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Peer-to-Peer Drivers Education Program Saves Teen Lives in Texas

July 28, 2009 06:40 PM
by Shannon Firth
Driving deaths among teenagers in Texas have declined steadily in the last five years as a result of more effective driver’s license laws and an influential teen-centered education program.

Helping Teenagers Drive Safely

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The number of fatalities in Texas involving teen drivers decreased by 33 percent between 2002 and 2007, reported the Star Telegram, citing a study from the Texas Transportation Institute. The actual recorded decrease was from 625 deaths to 419.

Of the 36 states surveyed, those with a graduated driver’s license program—laws that grant driving privileges in stages over six months to a year—ranked “fair” or better by the Insurance Institute for Highway Safety, showed only about an 11 percent drop. Researchers credit Texas’s markedly greater success to a safe driving peer-to-peer campaign called Teens in the Driver Seat.

Bernie Fette, a co-author of the report, told the Star-Telegram, “The kids develop the messages, and they’re the messengers. Society has known for decades that kids are more likely to listen to each other than adults.”

According to the Teens in the Driver Seat Web site, programs “are organized and operated by the teenagers themselves at their individual high school” with support from the Texas Transportation Institute and the Texas Department of Transportation. The program was awarded the American Association of State Highway and Transportation Officials National President’s Safety Award in 2006.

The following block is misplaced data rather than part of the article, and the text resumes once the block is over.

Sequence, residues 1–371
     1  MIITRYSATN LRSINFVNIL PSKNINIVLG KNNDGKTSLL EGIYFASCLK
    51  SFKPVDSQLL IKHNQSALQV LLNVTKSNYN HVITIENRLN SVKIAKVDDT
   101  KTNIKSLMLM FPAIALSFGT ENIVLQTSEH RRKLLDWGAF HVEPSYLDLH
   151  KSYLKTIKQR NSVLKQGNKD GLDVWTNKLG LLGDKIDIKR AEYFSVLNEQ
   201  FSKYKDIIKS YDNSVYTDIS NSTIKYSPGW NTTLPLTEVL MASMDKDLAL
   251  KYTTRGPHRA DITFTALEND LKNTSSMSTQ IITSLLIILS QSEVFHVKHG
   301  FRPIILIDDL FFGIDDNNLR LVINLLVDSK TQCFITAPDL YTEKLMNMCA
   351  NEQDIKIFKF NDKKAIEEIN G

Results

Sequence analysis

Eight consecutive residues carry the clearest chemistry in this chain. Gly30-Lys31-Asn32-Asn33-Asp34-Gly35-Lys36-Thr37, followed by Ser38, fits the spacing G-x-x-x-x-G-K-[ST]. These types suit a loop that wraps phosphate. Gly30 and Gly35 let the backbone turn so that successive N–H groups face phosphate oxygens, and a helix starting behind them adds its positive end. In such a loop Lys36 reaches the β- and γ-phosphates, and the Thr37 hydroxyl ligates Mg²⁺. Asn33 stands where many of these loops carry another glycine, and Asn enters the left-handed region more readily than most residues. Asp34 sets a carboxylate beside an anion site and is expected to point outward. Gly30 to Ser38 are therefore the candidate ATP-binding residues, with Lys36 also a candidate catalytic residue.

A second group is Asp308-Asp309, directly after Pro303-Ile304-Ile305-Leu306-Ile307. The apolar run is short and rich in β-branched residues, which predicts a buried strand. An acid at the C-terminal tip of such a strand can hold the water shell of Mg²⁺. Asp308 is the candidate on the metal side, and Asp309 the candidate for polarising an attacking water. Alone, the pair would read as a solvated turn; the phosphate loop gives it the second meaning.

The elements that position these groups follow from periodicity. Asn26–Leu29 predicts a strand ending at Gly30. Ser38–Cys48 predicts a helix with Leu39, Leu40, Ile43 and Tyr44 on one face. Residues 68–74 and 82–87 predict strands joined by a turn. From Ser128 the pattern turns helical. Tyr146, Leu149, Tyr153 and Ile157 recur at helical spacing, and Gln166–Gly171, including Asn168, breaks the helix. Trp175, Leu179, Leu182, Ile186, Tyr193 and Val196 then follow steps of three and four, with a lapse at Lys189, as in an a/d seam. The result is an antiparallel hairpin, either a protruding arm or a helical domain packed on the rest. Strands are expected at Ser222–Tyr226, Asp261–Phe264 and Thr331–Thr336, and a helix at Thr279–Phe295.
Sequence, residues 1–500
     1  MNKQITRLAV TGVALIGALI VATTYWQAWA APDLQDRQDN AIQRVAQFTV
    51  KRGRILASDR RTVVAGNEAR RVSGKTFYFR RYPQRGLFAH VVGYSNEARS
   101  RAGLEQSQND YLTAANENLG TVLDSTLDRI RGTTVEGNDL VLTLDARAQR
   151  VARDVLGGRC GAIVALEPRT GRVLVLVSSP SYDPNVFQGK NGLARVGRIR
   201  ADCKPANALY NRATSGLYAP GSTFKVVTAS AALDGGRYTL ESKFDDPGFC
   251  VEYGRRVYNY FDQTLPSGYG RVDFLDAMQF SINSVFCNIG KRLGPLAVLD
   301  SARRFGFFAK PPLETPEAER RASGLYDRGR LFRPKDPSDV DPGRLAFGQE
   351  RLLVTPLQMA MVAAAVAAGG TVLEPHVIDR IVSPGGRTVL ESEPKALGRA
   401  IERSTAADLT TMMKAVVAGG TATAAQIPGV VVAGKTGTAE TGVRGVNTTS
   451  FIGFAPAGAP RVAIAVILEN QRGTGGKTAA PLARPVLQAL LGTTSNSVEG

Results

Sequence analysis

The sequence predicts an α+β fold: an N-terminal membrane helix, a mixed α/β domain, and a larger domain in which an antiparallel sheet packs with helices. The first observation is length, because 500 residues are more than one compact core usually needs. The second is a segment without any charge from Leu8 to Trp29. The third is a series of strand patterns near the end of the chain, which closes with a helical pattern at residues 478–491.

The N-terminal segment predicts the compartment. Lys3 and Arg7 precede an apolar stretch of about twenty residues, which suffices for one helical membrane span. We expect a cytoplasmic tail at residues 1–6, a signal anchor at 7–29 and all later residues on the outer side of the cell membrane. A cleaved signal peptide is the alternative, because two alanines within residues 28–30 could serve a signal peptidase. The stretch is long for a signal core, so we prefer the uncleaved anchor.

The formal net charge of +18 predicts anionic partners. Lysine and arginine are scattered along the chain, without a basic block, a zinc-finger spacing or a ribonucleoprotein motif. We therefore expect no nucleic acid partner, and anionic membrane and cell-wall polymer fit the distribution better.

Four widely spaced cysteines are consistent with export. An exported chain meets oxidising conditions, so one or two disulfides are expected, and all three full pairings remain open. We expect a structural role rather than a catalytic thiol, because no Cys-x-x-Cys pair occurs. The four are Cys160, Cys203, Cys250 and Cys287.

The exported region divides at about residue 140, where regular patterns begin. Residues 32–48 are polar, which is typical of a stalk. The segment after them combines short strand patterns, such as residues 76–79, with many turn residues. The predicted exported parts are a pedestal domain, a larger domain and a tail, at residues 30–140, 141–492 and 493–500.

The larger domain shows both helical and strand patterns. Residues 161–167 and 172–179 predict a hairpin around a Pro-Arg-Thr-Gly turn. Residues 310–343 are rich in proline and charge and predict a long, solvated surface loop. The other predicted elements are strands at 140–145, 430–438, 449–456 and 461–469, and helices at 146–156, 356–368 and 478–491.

It uses text messaging campaigns, a weekly newsletter and a “Driving the Message” video contest to raise awareness about the risks of driving for teenagers.

In May, Girls Scouts in Rio Grande partnered with the Teens in the Driver Seat Program through instructional, but fun activities. Safety demonstrations included a “‘beer goggle’ tricycle course” and a “roll over cage.”

Background: Risks to teen drivers

According to the National Highway Traffic Safety Administration, motor vehicle accidents are the leading cause of death among teenagers.  “Mile for mile, teenagers are involved in three times as many fatal crashes as all other drivers,” reported the NHTSA’s site.

Drunk driving ranked as the fifth cause of fatal accidents; the other four risk factors, in order, are driving at night, speeding, distractions and not wearing a safety belt, reported the Star Telegram.

According to the Teens in the Driver Seat Web site, which cited a 2003 study by Joshua T. Cohen and John D. Graham, cell phone distractions account for 2,600 fatalities from any age group each year.

Related Topic: Pessimism drives reckless behavior among teens

An age-old “teenage myth of invulnerability” assumes that teens’ recklessness comes from a belief in their immunity to harm.

A new study published in the July issue of Pediatrics magazine, however, revealed teens’ shockingly pessimistic views on their life expectancy: approximately 15 percent of the 20,000 teenagers surveyed believed they “had a good chance of dying before age 35,” The Associated Press reported.
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